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How to Motivate Employees

How to Motivate Employees

The ability to keep every employee motivated is the wish of every boss. But is there a good general way to do this that we can all learn as managers of people, or even a kind of “formula” that we can readily adopt? Before we look at this question more closely, let’s first make sure that we understand what it is we mean by “motivation.”

What is the definition of motivation?

Motivation is defined as, “the process that initiates, guides and maintains goal-oriented behaviors.” Motivation is what causes us to act and this can either be a third-party (managers in a workplace environment) or the individual him or herself.

Although some employees are naturally self-motivated, for the purposes of this article we will assume that the manager has the capacity to initiate and/or guide an employee to be more motivated and if the above definition is right to create the goal-oriented behavior. So what sort of things can and should a manager be doing to motivate employees?

Does money motivate employees?

First and foremost, although the mechanics of how the pay and benefits system works may well have been explained to an employee when he or she started work, most individuals will be more interested in how the organization will offer additional rewards for their efforts. This may involve monetary rewards but more commonly extends into the non-monetary realm of benefits, status and recognition for a job well done.

As a result, the focus of most individuals will often be on the following:

“How do I behave in order to be seen to be solving problems, dealing with challenging issues and ultimately reaching my goals and targets, such that when my work is measured or appraised, I am rewarded appropriately?”

This critical question that most employees will ask themselves constantly, and may well ask explicitly of their boss from time to time, can be extremely demotivational if it is not handled properly. In ideal circumstances, a good discussion (split into 2 or 3 sessions, if necessary) should be arranged as often as necessary, and the explicit approach to be taken reviewed until it is well-understood on a mutual basis.

Employee discussion

This will include:

  1. The goal setting process and overall expectations
  2. The on-going and any annual appraisal system that will apply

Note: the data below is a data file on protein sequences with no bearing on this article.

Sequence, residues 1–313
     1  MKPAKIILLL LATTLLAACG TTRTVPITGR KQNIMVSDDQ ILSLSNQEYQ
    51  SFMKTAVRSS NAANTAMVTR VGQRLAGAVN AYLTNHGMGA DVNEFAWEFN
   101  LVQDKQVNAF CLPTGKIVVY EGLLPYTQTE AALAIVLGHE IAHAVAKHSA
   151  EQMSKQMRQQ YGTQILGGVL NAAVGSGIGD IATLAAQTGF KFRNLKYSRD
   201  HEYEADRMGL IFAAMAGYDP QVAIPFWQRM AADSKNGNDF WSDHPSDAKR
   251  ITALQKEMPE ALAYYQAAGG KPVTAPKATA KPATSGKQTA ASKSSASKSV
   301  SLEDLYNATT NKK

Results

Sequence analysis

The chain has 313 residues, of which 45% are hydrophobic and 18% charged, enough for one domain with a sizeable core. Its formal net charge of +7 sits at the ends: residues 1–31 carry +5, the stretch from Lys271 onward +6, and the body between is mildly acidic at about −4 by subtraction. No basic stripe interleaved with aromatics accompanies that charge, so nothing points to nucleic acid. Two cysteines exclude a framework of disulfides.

3. The performance tracking system and any measures or indicators that will be relevant to employee’s tasks or projects.
  4. The extent of any variation that can occur in the overall reward system.

Don’t forget, absolute clarity is critical here, as the individual is looking for the chance to shine and get noticed for their contribution. If they perceive that this is going to be too difficult and their efforts will be wasted, demotivation can quickly result and doubts about staying in the team or organization may arise. All four of the above subjects should consequently be covered in each discussion, if only briefly.

Empowering employees

The whole discussion about how work is measured and assessed in general, is an excellent pre-cursor to working with the employee to look at the specific challenges of their job role and the future issues and possible hurdles or difficulties that will need to be tackled. This discussion isn’t about giving the individual answers to their challenges but to offer process input and problem solving tools and techniques that can be used (or drawn upon if they already have them).  The more the individual feels that they can use the right tool for the right challenge, the more they are likely to feel confident about their overall ability to perform well-and of course feel motivated to give of his or her best.

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About Dr. Jon Warner

Dr. Jon Warner is a prolific author, management consultant and executive coach with over 25 years experience. He has an MBA and a PhD in Organizational Psychology. Jon can be reached at OptimalJon@gmail.com

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About the Editor and Primary Author

Jon Warner

Jon Warner is an executive coach and management consultant and in the past has been a CEO in three very different companies. Read more

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